The central intellectual challenge of the Environmental Studies (EVST) major is to combine the knowledge and diverse perspectives of the humanities, social sciences, and natural sciences in order to help solve environmental problems that we face today. Environmental Studies is an interdisciplinary major whose focus is to prepare the best and the brightest students for solving environmental problems in the future.
This major is grounded in chemistry, biology, and math, and is then combined with humanities and social science courses that focus on the environment. From this broad foundation, students can build their own areas of concentration and decide on their senior research. Many Environmental Studies graduates continue their career development by enrolling in top tier professional and graduate schools. studying law, business, medicine, planning or public health, as well as academic fields such as ecology, geology, economics, and history.
Prerequisites and Application to the Major
Students interested in becoming Environmental Studies majors are encouraged to complete the prerequisite courses by the end of their sophomore year, however it is not a requirement to have all of them completed at the time of application.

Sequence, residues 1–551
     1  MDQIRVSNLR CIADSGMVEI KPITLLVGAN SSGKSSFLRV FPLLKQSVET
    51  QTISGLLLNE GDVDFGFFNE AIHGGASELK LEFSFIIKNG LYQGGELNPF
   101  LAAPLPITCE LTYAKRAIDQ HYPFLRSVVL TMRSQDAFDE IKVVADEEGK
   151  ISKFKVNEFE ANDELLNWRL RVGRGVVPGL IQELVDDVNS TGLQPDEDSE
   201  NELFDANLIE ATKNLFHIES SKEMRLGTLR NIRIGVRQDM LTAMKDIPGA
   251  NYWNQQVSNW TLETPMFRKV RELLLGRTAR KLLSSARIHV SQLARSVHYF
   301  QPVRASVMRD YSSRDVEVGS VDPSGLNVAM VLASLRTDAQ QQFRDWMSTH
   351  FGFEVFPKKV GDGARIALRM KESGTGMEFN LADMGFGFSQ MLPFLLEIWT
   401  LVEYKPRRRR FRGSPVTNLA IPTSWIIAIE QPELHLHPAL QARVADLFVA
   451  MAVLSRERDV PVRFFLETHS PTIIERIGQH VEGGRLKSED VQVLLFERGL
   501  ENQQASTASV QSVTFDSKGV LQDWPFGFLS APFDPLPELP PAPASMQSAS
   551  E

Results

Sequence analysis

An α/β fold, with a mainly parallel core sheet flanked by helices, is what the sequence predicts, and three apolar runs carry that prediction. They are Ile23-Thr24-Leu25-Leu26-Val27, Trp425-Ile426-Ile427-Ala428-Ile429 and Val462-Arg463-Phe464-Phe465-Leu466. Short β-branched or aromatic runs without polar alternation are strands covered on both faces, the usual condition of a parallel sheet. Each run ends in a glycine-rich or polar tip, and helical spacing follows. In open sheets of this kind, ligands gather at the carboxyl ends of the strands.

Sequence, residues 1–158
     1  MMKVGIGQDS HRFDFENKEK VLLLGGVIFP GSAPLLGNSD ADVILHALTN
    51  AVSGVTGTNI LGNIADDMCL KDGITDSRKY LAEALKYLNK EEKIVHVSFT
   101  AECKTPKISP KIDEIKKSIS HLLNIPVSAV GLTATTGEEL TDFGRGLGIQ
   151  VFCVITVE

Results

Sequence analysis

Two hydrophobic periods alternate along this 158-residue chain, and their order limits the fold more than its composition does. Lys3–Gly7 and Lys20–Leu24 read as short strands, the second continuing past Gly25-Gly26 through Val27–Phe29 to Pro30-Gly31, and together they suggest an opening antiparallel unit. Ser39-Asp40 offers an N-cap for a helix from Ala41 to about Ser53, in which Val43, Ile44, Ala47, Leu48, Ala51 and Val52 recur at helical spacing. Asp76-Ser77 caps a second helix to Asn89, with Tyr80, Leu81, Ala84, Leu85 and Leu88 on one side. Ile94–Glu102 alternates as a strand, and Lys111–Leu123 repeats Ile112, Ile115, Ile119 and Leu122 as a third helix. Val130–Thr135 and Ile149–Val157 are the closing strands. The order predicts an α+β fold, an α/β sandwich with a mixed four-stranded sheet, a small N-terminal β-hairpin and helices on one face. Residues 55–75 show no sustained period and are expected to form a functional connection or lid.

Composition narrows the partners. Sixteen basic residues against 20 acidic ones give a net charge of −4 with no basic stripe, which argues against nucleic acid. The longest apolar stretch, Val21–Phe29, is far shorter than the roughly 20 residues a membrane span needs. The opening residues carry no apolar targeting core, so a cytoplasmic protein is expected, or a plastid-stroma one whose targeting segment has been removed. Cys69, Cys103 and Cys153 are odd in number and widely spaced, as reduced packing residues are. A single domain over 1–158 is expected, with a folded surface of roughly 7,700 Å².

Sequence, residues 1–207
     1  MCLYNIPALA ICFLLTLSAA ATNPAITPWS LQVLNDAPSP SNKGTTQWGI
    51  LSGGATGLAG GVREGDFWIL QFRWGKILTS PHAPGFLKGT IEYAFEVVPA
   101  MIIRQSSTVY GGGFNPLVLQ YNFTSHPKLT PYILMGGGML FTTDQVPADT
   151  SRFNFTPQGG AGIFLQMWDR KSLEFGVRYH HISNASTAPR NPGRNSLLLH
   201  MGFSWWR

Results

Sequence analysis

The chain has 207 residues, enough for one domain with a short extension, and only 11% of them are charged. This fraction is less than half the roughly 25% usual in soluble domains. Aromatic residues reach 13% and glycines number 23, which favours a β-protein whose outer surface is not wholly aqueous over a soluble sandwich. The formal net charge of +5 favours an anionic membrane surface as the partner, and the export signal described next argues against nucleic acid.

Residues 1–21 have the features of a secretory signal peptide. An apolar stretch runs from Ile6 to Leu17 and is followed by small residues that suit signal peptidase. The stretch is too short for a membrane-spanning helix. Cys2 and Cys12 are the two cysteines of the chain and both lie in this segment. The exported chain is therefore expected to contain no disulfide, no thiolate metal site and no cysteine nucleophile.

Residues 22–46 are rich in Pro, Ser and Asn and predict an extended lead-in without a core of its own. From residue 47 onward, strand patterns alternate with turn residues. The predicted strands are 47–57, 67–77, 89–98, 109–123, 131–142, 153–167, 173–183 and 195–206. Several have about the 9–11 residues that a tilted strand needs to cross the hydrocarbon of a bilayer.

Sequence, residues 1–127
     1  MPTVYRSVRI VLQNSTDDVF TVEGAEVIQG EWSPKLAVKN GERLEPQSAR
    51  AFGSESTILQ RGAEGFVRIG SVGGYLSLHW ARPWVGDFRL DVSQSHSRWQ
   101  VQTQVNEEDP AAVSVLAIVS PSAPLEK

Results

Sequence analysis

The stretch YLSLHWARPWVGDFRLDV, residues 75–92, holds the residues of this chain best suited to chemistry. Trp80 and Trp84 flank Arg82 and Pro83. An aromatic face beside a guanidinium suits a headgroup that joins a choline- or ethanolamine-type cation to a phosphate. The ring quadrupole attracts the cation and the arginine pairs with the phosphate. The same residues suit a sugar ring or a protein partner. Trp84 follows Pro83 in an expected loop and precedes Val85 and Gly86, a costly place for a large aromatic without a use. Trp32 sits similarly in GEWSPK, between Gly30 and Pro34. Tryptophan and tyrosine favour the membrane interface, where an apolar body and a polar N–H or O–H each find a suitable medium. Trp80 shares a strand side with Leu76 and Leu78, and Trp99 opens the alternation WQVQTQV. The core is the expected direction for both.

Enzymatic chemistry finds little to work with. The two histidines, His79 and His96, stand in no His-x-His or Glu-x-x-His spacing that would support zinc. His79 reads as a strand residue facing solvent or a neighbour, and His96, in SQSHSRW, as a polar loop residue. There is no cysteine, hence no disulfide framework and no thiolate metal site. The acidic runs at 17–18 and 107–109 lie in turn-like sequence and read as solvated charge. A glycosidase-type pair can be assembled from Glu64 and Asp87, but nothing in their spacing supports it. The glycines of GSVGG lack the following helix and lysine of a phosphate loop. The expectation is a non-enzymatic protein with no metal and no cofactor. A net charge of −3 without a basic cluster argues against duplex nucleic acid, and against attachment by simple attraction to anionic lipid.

- Two semesters of college chemistry or AP equivalent
- One semester of college biology or AP equivalent
- One semester of college chemistry or biology lab
- One semester of college physics or calculus or AP equivalent
Application to the Major
If you are a sophomore interested in applying to the Environmental Studies major, please submit the following information and materials to the Environmental Studies Program Manager (firstname.lastname@example.org). We offer two application periods for admission to the major. For the 2012-2013 academic year, the fall term deadline is Monday, December 9, 2013 and the spring term deadline is Thursday, February 27, 2014. All materials should be submitted by 4pm on the date specified.